Apple’s positive use of this data in product development has been supported by several of the emails I’ve received. Apparently, there’s an internal group of people that works to standardize how to repeat issues and better communicate those issues to engineering. This group also focuses on the service processes that are time consuming and more difficult than they should be. This goes beyond just ticking off boxes on a form. This is about people who are knee deep in the data talking within the same company to the people who can do something with the insights that data produces. That’s powerful stuff.
I apparently touched a nerve of a few people that work in third-party Apple service centers. They’ve been quick to point out that they have excellent access to service histories and who work closely with Apple, including sending back malfunctioning equipment back to Cupertino for diagnosis. This makes sense. After all, if a company is putting an emphasis on collecting data, why limit it to just internal sources?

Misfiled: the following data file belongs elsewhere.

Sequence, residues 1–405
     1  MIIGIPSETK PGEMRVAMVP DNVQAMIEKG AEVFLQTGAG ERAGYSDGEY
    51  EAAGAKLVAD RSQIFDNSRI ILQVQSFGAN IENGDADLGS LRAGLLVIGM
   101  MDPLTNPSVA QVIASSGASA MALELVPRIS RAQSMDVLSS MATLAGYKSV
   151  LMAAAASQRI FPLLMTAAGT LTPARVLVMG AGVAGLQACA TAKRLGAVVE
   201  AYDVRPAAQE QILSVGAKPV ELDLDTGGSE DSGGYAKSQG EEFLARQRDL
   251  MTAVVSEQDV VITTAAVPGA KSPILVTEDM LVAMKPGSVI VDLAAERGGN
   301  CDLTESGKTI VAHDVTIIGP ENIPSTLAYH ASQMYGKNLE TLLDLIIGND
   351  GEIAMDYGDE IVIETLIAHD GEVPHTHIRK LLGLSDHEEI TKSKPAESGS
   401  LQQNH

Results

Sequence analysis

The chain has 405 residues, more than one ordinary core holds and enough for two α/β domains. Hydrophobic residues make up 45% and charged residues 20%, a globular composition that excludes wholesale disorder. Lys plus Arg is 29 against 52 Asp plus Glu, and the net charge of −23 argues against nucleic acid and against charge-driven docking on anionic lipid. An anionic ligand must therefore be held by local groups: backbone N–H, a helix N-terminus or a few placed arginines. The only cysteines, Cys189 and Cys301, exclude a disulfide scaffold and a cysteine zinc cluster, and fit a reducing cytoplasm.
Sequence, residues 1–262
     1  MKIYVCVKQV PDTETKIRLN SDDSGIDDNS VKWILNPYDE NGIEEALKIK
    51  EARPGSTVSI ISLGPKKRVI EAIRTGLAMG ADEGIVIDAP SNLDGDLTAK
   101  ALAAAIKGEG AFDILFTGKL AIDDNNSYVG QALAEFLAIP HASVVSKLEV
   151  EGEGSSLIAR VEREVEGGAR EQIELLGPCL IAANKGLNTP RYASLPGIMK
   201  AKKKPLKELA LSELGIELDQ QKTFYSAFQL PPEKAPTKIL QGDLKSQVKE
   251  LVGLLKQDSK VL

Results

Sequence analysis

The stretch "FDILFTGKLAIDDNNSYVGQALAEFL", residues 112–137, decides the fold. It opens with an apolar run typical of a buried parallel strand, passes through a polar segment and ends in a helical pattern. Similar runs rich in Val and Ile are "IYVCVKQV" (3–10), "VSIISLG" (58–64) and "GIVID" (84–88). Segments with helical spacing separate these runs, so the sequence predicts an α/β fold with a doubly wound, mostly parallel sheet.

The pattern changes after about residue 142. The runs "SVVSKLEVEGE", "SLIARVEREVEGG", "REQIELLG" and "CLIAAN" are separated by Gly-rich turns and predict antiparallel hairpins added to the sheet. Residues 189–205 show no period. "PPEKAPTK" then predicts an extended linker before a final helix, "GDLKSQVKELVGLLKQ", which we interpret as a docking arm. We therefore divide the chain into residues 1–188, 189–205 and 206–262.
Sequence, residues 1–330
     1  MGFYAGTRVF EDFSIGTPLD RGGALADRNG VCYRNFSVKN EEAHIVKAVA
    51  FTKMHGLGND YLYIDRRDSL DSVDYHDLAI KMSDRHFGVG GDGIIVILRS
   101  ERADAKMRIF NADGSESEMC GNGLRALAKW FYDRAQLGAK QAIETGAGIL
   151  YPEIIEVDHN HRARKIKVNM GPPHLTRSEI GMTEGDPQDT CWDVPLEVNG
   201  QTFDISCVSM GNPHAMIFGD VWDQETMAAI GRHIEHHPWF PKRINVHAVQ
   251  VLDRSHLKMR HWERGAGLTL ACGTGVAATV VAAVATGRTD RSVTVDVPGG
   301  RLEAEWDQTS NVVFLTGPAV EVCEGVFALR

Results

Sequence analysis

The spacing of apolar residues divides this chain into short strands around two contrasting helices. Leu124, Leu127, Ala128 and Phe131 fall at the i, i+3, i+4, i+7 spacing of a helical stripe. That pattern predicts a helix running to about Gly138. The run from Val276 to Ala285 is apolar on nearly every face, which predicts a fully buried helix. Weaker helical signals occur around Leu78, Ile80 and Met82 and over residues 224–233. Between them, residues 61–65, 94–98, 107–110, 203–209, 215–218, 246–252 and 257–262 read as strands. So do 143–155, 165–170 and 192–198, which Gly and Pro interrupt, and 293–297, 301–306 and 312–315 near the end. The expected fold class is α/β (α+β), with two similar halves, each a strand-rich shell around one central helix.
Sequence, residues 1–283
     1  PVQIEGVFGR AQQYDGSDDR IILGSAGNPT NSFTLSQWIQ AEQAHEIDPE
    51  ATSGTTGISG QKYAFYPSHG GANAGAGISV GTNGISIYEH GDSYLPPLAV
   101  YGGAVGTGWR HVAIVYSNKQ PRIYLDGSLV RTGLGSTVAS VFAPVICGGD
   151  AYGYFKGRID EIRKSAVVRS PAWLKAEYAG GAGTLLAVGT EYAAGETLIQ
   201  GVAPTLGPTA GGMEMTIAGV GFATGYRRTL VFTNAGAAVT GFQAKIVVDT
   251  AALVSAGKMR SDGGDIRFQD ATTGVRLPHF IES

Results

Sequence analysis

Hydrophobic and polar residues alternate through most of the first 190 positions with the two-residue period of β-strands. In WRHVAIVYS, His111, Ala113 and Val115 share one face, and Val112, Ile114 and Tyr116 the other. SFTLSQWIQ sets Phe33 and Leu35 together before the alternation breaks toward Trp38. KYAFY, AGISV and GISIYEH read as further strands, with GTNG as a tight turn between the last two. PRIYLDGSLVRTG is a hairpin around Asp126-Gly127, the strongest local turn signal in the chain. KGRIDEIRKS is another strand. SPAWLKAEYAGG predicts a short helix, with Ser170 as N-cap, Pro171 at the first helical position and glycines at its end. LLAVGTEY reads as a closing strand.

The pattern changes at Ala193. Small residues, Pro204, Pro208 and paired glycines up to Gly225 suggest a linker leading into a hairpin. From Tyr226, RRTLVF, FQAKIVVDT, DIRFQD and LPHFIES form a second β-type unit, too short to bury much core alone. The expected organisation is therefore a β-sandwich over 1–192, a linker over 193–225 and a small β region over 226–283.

Here’s the question that can’t be answered without rolling back time: Would Apple’s products look the same way and have the same design features today if Apple didn’t have the Genius Bar in their own stores handling support for the last decade?
Finally, I’ve heard from people who have had great and horrible experiences at the hands of Apple Genii. Apparently central Florida is a bad place to go to a Genius Bar. In my experience, the best Genii around are in downtown Portland. The ones in the downtown San Francisco store have also done well by me.